22 Conclusion Stepping stones on the way to an economic analysis of studying the law – In the absence of Transaction Costs, Liability (Property rights) Rules do not matter for Achieving efficient economic outcomes – 1937, if TRC=0, the firm have no purpose in serving economic efficiency – 1960, if TRC=0, the law have no purpose in serving economic efficiency – TRC: include search and information costs, Bargaining and decision costs, policing and enforcement costs etc. The focus is on Those actions of business firms which have harmful effects on others! – factory and the smoke from which has harmful effects on those occupying neighboring proprieties

23 Conclusion (continuous) With costless market transaction costs: – The decision of the courts concerning liability of damage would be without effect on the allocation of resource in terms of economic efficiency – A re-arrangement of legal rights would be made through the market whenever this change would lead to an increase in the economic value of production Take into account the economic costs: – Such re-arrangement of propriety rights will only be undertaken when the increase in the economic value of production is greater than economic costs involved So – If TRC=0: the allocation of resources remains the same; – If TRC>0: the law plays a crucial role in determining how resources are used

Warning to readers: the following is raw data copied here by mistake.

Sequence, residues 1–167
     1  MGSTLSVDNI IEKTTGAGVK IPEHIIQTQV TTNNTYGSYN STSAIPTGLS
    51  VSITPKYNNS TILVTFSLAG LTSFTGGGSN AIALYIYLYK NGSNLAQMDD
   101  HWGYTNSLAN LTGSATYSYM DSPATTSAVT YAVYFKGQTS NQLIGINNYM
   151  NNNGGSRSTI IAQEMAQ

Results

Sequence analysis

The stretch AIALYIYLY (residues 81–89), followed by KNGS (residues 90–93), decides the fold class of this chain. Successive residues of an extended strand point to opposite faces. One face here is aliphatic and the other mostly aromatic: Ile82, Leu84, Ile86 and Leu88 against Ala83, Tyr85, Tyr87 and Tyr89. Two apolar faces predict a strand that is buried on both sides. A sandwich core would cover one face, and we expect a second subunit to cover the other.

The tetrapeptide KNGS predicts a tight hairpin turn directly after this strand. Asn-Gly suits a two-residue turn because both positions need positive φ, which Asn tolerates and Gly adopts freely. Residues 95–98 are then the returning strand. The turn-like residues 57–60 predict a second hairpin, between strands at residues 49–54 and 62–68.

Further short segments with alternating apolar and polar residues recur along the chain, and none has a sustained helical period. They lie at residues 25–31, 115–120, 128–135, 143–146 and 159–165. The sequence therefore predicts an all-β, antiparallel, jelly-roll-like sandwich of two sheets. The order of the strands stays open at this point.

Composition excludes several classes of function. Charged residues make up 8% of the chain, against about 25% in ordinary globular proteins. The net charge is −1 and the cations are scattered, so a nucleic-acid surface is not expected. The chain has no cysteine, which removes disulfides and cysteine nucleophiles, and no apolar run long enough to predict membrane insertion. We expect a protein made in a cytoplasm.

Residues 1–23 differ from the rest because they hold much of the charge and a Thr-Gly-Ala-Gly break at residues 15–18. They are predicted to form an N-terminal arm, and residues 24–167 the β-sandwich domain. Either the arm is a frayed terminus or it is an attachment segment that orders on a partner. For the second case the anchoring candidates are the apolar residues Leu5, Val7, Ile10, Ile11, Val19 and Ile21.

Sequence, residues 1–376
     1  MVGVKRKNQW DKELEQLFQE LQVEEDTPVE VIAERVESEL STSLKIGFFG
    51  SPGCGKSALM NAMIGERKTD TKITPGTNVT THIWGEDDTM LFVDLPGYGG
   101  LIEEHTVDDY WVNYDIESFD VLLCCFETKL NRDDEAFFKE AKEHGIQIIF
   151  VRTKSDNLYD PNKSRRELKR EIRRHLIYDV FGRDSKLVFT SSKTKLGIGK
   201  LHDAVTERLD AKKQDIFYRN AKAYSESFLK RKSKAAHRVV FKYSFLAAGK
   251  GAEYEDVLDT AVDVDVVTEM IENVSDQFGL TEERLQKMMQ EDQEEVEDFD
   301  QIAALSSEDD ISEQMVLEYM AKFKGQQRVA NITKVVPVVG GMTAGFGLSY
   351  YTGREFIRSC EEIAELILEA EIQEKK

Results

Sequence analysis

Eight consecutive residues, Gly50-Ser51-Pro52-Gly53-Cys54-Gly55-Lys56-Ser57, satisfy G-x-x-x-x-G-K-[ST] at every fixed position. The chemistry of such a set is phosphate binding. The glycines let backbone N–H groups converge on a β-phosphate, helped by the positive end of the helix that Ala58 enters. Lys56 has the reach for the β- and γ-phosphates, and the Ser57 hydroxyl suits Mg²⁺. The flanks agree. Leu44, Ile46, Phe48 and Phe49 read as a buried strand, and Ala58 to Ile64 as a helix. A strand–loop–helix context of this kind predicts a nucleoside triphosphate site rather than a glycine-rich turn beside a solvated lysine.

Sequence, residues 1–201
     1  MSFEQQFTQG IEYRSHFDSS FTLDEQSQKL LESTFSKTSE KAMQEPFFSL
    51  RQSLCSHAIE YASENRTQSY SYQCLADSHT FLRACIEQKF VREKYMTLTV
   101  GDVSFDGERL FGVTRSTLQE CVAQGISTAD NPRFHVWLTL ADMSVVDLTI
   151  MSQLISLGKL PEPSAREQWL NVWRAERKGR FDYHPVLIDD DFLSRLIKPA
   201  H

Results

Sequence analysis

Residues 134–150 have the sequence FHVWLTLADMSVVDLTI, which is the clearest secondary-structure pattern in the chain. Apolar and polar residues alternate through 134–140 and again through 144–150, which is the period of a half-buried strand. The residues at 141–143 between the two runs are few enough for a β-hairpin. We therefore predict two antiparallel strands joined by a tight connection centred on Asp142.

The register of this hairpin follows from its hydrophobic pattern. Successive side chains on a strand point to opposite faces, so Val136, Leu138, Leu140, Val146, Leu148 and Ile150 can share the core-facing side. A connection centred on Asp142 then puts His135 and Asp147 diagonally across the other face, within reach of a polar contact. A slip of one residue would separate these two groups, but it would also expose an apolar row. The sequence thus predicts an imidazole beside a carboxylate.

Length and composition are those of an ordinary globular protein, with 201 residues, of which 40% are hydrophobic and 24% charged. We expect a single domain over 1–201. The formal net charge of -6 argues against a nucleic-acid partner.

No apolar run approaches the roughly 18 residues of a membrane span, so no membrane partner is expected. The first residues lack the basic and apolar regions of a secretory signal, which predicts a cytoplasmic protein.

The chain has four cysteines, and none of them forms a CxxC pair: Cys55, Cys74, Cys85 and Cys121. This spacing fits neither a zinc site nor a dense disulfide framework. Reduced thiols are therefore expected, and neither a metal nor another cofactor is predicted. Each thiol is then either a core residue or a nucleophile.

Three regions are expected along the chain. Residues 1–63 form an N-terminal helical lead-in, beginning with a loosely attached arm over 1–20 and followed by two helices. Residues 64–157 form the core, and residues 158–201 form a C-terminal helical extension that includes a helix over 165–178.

24 The Road Map of This Paper The problem to be examined: The actions of firms having harmful effects on others smoking factory The Reciprocal Nature of the Problem? A&B situation The Treatment of PIGOU The Pricing System With Liability for Damage TRC=0 Straying cattle The Pricing System With NO Liability for Damage TRC=0 The Problem Illustrated Anew The Cost of Market Transactions Taken Into Account TRC>0 The Legal delimitation of Rights & The Economic Problem Pigou’s Treatemt in “ The Economics of Welfare” The Pigovian Tradition A Change of Approach

25 Thank you for your attention!